The legendary director used to get scolded by his parents for singing its songs at the dinner table. As his version hits the big screen, he talks about his own dancefloor prowess – and the ‘obscure movie club’ he formed with Sondheim

It’s a winter afternoon and you’re about to begin a video call with Steven Spielberg. The perfect opportunity, then, to make a quick brew in your Gremlins mug (Spielberg produced that devilish 1984 horror-comedy) then brandish it in front of the webcam for the director’s benefit. “Oh, I love that, thank you,” he says, chuckling softly. Then he wags a cautionary finger: “Don’t drink it after midnight!”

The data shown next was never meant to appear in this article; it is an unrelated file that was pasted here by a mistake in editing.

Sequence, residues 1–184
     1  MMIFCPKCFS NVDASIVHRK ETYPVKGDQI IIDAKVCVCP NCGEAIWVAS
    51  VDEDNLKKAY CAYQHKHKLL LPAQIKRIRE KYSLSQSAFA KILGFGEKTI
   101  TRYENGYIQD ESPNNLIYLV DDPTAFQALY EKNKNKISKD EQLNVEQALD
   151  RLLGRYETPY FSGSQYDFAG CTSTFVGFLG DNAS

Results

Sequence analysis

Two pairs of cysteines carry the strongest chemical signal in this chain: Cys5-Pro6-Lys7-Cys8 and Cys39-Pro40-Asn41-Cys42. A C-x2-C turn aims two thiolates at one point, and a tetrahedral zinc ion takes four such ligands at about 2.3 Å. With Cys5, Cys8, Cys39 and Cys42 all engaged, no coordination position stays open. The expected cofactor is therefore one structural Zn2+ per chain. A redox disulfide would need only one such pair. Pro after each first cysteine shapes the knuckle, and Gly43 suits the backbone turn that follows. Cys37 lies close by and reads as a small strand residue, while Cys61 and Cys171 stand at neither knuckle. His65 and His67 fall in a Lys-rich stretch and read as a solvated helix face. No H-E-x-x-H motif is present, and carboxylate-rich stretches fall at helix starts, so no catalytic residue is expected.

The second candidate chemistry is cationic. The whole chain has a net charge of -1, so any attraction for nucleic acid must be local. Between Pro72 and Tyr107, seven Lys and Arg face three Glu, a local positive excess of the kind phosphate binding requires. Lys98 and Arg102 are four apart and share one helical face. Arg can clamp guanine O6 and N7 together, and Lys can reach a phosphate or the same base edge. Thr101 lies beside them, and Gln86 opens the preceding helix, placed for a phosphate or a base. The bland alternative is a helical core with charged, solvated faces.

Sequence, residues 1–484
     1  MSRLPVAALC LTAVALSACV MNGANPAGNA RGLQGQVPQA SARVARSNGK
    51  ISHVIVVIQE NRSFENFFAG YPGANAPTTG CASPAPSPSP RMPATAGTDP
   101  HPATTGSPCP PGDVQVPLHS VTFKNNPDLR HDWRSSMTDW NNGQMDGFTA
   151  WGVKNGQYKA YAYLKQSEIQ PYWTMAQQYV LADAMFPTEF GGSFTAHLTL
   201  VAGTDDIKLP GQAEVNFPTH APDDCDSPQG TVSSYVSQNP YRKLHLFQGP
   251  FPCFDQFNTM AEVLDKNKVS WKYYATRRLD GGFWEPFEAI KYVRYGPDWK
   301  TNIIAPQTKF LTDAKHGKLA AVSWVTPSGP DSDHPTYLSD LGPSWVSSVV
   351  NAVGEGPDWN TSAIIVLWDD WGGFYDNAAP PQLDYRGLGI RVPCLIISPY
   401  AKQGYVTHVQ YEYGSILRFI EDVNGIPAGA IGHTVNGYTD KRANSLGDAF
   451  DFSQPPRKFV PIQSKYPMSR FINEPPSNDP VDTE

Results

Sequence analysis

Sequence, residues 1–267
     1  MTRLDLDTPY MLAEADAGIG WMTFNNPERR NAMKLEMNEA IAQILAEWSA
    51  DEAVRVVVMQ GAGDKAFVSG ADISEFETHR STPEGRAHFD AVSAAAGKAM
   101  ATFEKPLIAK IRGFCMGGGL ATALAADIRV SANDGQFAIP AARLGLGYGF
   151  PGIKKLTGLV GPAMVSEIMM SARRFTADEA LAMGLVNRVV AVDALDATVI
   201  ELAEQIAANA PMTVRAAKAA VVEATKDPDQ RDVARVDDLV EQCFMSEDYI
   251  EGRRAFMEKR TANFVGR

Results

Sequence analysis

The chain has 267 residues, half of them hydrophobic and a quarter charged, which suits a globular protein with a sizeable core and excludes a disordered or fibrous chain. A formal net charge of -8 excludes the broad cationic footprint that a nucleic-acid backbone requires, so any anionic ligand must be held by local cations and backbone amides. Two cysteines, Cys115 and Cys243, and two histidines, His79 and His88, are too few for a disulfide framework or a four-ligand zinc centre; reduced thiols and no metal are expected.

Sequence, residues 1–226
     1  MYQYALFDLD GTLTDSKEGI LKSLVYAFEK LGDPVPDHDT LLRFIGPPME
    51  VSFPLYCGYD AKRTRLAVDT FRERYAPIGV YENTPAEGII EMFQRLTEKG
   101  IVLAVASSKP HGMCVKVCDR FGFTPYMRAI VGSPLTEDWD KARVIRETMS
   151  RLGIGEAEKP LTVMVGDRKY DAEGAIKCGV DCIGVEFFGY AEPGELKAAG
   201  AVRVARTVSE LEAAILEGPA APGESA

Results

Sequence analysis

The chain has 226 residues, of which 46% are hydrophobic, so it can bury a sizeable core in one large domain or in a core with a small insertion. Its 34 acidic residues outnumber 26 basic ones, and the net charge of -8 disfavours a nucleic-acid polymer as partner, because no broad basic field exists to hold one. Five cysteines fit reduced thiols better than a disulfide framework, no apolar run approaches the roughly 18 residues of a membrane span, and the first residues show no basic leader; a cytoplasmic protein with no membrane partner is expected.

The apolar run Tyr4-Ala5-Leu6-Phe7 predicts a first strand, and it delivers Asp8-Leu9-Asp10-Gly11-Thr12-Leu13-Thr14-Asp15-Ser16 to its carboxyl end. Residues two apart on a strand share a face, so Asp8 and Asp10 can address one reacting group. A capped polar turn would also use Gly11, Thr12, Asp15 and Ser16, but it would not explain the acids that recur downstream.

The most famous and widely cherished film-maker in history is all twinkling eyes and gee-whiz charm today. He is about to turn 75 but first there is the release of his muscular new take on West Side Story, which marks his third collaboration with the playwright Tony Kushner, who also scripted Munich and Lincoln. Spielberg is at pains to point out that this not a remake of the Oscar-laden movie but a reimagining of the original stage musical. “I never would have dared go near it had it only been a film,” he says. “But, because it’s constantly being performed across the globe, I didn’t feel I was claim-jumping on my friend Robert Wise’s 1961 movie.”

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